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A new study resolves weaknesses in earlier research to provide clearer guidance about alcohol and gout. Any type of alcohol, including wine, can trigger gout attacks.
Neogi T, Chen C, Niu J, et al. Alcohol quantity and type on risk of recurrent gout attacks: An internet-based case-crossover study. (2014) Am J Med, 21 January doi:10.1016/j.amjmed.2013.12.019
This new study resolves weaknesses in earlier research to provide clearer guidance about alcohol and gout: Any type of alcohol, including wine, can trigger gout attacks.
Patients often report that wine has triggered gout attacks, but previous studies had found an association only with beer and liquor. This larger study was sufficiently powered to find an association with wine too.
It also revealed that even moderate intake of alcohol can trigger gout flares.
A prospective, Internet-based case-crossover study, it recruited 724 participants using Google ads for the search term “gout.” The eligible subjects were those who agreed to release their medical records, and whose physicians confirmed the diagnosis according to American College of Rheumatology criteria.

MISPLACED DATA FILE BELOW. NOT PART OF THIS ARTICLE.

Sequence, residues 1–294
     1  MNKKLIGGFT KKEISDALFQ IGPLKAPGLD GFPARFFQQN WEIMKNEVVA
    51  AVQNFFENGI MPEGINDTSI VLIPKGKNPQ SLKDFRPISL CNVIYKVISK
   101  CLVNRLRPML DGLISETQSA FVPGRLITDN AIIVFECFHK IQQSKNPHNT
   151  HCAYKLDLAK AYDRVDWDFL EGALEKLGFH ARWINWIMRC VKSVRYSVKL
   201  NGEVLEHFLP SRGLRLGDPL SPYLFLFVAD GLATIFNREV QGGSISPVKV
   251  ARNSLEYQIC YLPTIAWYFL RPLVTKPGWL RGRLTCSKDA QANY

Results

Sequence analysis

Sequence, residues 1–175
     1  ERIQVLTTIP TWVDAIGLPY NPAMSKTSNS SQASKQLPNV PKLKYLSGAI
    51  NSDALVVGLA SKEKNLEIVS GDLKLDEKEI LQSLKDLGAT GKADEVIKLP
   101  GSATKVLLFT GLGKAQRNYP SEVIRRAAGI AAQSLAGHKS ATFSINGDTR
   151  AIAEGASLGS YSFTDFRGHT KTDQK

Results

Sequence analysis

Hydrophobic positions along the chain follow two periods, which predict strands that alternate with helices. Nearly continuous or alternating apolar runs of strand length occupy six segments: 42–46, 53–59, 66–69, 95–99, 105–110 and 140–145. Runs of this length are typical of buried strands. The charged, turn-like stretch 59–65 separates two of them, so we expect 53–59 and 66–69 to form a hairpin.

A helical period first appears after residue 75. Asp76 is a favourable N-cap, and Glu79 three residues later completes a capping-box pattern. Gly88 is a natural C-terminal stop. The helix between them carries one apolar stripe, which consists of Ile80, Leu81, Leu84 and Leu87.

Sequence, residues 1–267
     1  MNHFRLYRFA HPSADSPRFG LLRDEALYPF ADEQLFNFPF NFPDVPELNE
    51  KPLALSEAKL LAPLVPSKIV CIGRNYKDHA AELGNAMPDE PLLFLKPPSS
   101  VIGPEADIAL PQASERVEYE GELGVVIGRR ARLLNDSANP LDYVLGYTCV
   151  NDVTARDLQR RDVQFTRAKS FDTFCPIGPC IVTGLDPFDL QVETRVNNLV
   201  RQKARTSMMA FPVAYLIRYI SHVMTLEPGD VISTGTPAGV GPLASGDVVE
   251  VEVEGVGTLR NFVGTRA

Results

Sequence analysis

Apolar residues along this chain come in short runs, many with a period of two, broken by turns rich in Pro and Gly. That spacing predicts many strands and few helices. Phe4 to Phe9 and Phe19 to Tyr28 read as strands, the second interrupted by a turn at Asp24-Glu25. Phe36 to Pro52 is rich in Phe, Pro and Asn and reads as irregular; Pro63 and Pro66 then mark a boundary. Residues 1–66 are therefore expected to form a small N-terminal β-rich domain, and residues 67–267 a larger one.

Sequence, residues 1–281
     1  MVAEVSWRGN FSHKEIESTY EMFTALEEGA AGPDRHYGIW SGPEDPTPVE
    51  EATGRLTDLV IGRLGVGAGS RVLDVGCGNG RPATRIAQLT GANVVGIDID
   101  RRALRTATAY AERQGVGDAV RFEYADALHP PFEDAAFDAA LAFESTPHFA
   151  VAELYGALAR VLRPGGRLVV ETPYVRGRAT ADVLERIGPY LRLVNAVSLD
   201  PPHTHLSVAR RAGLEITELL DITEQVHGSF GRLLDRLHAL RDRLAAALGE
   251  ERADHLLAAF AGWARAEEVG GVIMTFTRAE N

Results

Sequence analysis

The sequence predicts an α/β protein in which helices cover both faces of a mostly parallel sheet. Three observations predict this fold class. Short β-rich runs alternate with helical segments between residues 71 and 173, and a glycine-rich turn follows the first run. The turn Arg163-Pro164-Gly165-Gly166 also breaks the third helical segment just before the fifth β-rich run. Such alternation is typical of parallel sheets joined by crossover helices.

Subjects were queried online about risk factors and medication, first during an attack-free control period, and then during an attack.
Two drinks in a 24-hour period were associated with about a one-third higher risk of recurrent attack. Seven or eight drinks doubled the risk.
The effect of one drink was too small for statistical significance, although there was a trend towards higher risk.
The effects were stronger with high purine intake and diuretic use, and weaker for those taking allopurinol or colchicines.
In earlier studies, beer and liquor were associated with increased risk of incident gout. This may be due to characteristics of the beverage, but the effect may have been confounded by the fact that wine drinkers tend to have healthier lifestyles than beer drinkers, and to eat healthier diets. The case-crossover design minimized some of that bias.